Reducing Diabetic Blindness in Far-Flung Sub-Saharan Rural Communities: Odot, Nsit-Atai as a Case Study (Short Report)


Background: Odot is the head-quarter of Nsit-Atai local government, 70 kilometers from Uyo, the Akwa-Ibom state capital. About 5000 population has a Comprehensive Health Center, a Primary Health Centre and 2 Health Posts to meet its enormous health needs. Additionally, the workers in these health facilities are neither trained nor equipped to render eye care services. Patients with systemic diseases with potentially debilitating effects on vision come to the urban tertiary referral health center at terminal blinding stages. This trend requires an urgent attention to curb diabetic blindness among often vibrant working population. Objective: To explore how scheduled vision screening exercises can help reduce blindness from diabetic mellitus in this rural community. Methodology: Major databases including National library of Medicine PubMed were searched for relevant data. Additional information was obtained by on-sight assessment of the index community. Conclusion: From community health standpoint, vision screening remains a cheap avenue to arrest diabetic blindness in Nsit-Atai and similar set-ups around the world.

Share and Cite:

Megbelayin, E. and Mboho, M. (2014) Reducing Diabetic Blindness in Far-Flung Sub-Saharan Rural Communities: Odot, Nsit-Atai as a Case Study. Open Access Library Journal, 1, 1-4. doi: 10.4236/oalib.1101117.

Conflicts of Interest

The authors declare no conflicts of interest.


[1] Adeleye, J.O., Agada, N.O., Balogun, W.O., Adetunji, O.R. and Onyegbutulem, H.O. (2006) Diabetes Care in Nigeria: Time for a Paradigm Shift. Africa Journal of Medicine and Medical Sciences, 35, 155-159.
[2] Einar, S., Toke, B., Porta, M., Larsen, N., Johannes, K. and Agardh, E. (2000) Screening and Prevention of Diabetic. Acta Ophthalmologica Scandinavica, 78, 374-385.
[3] Agardh, E., Agardh, C.-D., Hansson-Lundblad, C. and Cavallin, S.U. (1996) The Importance of Early Diagnosis of Treatable Diabetic Retinopathy for the Four-Year Visual Outcome in Type 2 Diabetes Mellitus. Acta Ophthalmologica Scandinavica, 74, 166-170.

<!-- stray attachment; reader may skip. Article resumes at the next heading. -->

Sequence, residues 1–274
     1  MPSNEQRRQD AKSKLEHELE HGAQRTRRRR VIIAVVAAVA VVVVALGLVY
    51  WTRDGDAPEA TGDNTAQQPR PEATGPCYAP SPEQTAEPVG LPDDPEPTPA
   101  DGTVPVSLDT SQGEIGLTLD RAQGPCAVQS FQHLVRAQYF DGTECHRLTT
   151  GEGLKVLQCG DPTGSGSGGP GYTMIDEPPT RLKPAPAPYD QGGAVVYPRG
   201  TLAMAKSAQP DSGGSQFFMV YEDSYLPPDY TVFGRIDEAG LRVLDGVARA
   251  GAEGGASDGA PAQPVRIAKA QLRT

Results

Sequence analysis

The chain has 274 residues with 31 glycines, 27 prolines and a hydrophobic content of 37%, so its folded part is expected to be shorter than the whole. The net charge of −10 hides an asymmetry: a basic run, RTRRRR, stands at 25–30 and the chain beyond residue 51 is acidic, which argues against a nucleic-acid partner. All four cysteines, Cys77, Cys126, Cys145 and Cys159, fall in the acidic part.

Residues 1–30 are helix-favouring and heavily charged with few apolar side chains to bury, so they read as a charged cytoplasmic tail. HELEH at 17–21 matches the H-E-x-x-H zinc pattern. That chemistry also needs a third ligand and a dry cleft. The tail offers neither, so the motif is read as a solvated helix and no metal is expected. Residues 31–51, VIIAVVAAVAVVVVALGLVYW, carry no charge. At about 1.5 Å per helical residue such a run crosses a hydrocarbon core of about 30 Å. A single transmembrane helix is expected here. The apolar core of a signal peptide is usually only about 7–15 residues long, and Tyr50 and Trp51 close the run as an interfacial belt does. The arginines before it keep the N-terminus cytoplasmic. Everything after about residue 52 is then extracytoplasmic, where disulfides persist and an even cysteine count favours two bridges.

[4] Henricsson, M., Tyrberg, M., Hejl, A. and Janzon, L. (1996) Incidence of Blindness and Visual Impairment in Diabetic Patients Participating in an Ophthalmological Control and Screening Programme. Acta Ophthalmologica Scandinavica, 74, 533-538.
[5] Kristinsson, J.K., Hauksdottir, H., Stefansson, E., Jonasson, F. and Gιslason, I. (1997) Active Prevention in Diabetic Eye Disease. Acta Ophthalmologica Scandinavica, 75, 249-254.
[6] WHO (2004) The Global Burden of Disease: 2004 Update. World Health Organization, Geneva.
[7] Harande, Y.I. (2011) Exploring the Literature of Diabetes in Nigeria: A Bibliometrics Study. African Journal of Diabetes Medicine, 2, 1-4.
[8] (2009) Diabetes-Deadly, Un-Funded and Unidentified. International Diabetes Federation, Africa.
[9] Nwafor, A. and Owhoji, A. (2001) Prevalence of Diabetes Mellitus among Nigerians in Port Harcourt Correlates with Socio-Economic Status. Journal of Applied Science and Environment Management, 5, 75-77.
[10] Adefemi, K. (2009) What You Need to Know about Diabetes.
[11] Foster, A. and Resnikoff, S. (2005) The Impact of Vision 2020 on Global Blindness. Eye, 19, 1133-1135.
[12] Nwosu, S.N.N. (2000) Prevalence and Pattern of Retinal Diseases at the Guinness Eye Hospital, Onitsha, Nigeria. Ophthalmic Epidemiology, 1, 41-48.
[13] Pepper, D.J., Levitt, N.S., Cleary, S. and Burch, V.C. (2007) Hyperglycaemic Emergency Admissions to a Secondary-Level Hospital—An Unnecessary Financial Burden. South Africa Medical Journal, 97, 963-967.
[14] World Health Organization (2008) 2008-2013 Action Plan for the Global Strategy for the Prevention and Control of Non-Communicable Diseases. WHO, Geneva.

Copyright © 2022 by authors and Scientific Research Publishing Inc.

Creative Commons License

This work and the related PDF file are licensed under a Creative Commons Attribution 4.0 International License.